Establishing And Enforcing Parental Rights In Texas
An increasing number of child support and custody cases in Texas involve parents who were never married. Before a father can be ordered to pay child support or have custody or visitation rights, paternity (or parentage) must first be established. This can be done by agreement or by use of DNA testing.
At The Haston Law Firm, P.C., we represent both unmarried mothers and fathers in Houston, North Houston and throughout nearby communities. Let us help you with issues of paternity and matters involving your children, such as child support, retroactive child support, child custody and visitation.
Disestablishing paternity: Unfortunately, sometimes a husband may find that a child born to his wife during the marriage is not his child. Men in this situation can “disestablish paternity” if they are not the biological fathers of children born during marriage. However, if you are married and don’t disestablish paternity in the first four years of the child’s life, you are the legal father of that child and cannot disestablish paternity. This means that in the future, you could be ordered to pay child support and provide health insurance. Therefore, if you are concerned that this situation has happened to you, you should seek legal advice immediately.
Will I Have to Pay Retroactive Child Support?
If you have been found to be the father of a child, you may be ordered to pay retroactive child support. Whether or not the judge orders retroactive child support will largely depend on when you became aware that you were the father of the child:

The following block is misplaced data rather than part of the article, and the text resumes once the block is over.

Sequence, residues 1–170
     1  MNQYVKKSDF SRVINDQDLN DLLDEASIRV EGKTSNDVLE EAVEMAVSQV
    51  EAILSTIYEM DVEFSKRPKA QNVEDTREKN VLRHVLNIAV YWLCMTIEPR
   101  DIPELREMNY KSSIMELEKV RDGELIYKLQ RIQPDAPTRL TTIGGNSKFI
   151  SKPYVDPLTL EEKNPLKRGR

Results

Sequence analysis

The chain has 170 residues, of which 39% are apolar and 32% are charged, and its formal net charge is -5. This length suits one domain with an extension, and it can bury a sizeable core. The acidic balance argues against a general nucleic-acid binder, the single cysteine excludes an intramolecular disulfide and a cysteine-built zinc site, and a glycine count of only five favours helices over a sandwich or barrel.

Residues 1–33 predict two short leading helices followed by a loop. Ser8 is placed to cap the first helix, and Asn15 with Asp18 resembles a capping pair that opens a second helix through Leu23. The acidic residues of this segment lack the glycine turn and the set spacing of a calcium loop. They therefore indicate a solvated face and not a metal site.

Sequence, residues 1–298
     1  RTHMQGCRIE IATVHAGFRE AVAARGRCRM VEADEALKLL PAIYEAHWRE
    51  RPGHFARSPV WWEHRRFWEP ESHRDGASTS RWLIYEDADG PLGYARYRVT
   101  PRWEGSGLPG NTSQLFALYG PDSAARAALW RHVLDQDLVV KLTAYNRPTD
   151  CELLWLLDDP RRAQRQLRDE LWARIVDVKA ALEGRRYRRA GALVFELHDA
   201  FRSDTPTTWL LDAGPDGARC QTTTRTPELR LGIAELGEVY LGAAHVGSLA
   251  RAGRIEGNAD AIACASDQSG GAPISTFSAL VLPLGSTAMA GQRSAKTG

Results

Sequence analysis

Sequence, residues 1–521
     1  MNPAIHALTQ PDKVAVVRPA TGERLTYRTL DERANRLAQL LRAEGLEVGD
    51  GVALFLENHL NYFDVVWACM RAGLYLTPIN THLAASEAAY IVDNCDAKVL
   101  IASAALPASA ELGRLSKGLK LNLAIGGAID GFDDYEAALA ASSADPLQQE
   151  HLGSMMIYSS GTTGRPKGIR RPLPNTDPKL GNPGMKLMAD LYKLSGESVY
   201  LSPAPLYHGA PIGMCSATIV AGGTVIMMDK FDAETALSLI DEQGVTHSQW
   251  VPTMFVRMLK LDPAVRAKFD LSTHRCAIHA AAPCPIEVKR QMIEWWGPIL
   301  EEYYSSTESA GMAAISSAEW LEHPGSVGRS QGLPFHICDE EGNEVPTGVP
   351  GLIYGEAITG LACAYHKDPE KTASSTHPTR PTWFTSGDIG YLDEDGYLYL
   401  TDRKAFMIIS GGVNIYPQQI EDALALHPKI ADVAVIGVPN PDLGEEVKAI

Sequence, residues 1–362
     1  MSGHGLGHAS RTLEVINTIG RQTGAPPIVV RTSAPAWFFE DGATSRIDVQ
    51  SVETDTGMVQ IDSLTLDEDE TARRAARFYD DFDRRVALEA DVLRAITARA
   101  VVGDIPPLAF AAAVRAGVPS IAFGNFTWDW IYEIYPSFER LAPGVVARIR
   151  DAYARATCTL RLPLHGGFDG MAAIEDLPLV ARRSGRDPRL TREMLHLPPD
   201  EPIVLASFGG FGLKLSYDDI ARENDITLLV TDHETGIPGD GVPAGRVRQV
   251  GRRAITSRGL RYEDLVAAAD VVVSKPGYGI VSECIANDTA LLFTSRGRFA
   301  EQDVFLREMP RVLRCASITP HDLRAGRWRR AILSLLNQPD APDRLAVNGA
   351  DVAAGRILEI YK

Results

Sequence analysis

- If the mother can show that you knew you were the father of the child, the chances of the court ordering retroactive child support are much higher.
- If the child was conceived during a one-night stand and you never knew that you were the father, the court will take that into account in determining if there should be retroactive child support.
Will I Receive Access And Custody Rights?
In all cases involving children, Texas law focuses on the best interests of the child. As much as possible, courts want children to have financial, physical and emotional support from both parents.
In determining a father’s access and possession rights, Texas courts will consider the past actions of the father. Did the father of a child have a history of visits that were cut off by the mother? If so, that fact will tip the scale in the father’s way. Was the father uninvolved in the child’s life even though he knew he was the father? That will tip the scales in favor of not providing access.